Tyre defects still account for highest number of prohibitions

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Tyre defects are still the most common reasons for prohibition notices. JONATHAN WELCH

The latest statistics from the Department for Transport show that tachograph, record-keeping and driver licence offences are still proving expensive for drivers and operators, with 12 prosecutions for tachograph and records offences leading to eight convictions in Quarter 2 of the 2022-23 year, and nine driving licence prosecutions leading to four convictions. Average fines were £216 and £1,587.50 respectively.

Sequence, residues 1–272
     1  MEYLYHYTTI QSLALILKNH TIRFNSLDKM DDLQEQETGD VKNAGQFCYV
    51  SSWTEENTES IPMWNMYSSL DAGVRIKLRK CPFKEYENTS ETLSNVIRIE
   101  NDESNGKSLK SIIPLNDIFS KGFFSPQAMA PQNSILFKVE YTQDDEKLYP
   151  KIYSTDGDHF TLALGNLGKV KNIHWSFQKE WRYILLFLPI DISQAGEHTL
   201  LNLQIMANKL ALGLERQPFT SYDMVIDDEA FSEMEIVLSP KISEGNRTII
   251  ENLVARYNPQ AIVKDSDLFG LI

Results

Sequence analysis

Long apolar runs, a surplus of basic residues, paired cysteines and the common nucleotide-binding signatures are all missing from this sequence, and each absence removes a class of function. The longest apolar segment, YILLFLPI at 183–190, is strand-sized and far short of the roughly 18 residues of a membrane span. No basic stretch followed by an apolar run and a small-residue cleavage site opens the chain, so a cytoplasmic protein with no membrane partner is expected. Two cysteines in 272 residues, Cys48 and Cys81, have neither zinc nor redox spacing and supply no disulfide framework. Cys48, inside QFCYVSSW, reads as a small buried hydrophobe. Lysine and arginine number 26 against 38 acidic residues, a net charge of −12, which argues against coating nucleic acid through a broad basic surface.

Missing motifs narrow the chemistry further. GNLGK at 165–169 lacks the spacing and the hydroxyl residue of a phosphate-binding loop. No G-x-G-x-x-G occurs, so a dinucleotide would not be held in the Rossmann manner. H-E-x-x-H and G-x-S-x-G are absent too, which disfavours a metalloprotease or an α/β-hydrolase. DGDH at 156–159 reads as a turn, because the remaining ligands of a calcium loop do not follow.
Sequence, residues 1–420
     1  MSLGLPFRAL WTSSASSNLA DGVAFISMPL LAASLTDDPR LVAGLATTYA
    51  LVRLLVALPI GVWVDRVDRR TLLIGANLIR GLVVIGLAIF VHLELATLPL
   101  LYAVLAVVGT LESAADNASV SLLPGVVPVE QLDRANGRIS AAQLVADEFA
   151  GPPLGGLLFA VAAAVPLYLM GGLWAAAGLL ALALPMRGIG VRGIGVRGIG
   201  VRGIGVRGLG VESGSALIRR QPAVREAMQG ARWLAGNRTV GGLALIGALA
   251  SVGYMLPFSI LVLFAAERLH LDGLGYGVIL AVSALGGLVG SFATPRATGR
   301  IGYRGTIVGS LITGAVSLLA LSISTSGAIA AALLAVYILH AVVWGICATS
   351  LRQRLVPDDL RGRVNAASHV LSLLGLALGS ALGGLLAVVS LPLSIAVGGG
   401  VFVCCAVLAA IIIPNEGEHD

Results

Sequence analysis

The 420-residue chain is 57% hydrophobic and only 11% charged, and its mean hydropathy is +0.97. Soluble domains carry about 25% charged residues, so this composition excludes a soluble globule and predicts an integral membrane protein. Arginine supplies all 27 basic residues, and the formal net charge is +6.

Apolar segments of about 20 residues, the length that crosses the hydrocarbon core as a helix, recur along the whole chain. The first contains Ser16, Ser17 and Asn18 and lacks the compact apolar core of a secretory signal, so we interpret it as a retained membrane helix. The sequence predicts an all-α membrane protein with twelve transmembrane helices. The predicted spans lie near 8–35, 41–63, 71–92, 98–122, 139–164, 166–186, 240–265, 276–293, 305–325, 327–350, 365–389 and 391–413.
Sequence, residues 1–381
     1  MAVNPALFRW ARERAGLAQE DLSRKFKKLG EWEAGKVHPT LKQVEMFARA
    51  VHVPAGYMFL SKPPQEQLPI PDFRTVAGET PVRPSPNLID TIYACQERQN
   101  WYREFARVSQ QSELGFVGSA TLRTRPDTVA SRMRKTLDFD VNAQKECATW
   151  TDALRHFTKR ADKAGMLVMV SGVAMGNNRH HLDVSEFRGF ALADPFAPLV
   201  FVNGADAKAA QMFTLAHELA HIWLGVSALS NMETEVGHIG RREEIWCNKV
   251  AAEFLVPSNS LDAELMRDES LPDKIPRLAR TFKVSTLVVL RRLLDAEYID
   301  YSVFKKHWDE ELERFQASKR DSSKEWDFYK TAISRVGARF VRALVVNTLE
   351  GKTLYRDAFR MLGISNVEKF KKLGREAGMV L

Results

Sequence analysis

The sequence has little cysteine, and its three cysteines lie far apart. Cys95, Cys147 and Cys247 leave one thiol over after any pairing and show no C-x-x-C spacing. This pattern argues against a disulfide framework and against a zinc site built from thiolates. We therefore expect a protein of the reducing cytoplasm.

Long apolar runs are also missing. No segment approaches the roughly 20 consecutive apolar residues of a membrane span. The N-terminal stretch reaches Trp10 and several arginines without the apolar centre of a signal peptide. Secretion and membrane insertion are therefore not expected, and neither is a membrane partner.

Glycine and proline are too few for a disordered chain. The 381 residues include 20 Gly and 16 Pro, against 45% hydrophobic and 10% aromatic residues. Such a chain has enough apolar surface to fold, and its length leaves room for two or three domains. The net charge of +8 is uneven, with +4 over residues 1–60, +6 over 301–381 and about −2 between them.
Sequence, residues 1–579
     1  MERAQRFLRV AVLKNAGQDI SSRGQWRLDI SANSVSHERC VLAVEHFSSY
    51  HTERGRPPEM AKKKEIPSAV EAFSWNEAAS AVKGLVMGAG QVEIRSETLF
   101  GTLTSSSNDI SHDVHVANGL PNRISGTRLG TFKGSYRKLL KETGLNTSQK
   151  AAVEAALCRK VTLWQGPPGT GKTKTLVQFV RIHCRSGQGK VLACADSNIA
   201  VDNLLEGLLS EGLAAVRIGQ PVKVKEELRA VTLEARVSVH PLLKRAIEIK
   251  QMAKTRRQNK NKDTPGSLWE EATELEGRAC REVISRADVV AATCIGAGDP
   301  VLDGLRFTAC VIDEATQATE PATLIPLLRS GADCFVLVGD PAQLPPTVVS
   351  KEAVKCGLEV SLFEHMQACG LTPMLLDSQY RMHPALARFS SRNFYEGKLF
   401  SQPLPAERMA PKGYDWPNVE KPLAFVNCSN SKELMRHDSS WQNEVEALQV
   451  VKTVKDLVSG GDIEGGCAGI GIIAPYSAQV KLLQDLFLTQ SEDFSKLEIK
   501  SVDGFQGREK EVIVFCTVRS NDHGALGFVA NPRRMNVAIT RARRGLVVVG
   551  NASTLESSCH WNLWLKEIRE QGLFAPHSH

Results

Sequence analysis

Meanwhile, in the same period tyre-related defects remain at the top of the chart for prohibitions, with 3.66% of vehicles inspected exhibiting a tyre defect, a slight reduction from the previous quarter. Brake systems and seat belts also ranked highly, followed by suspension and door issues.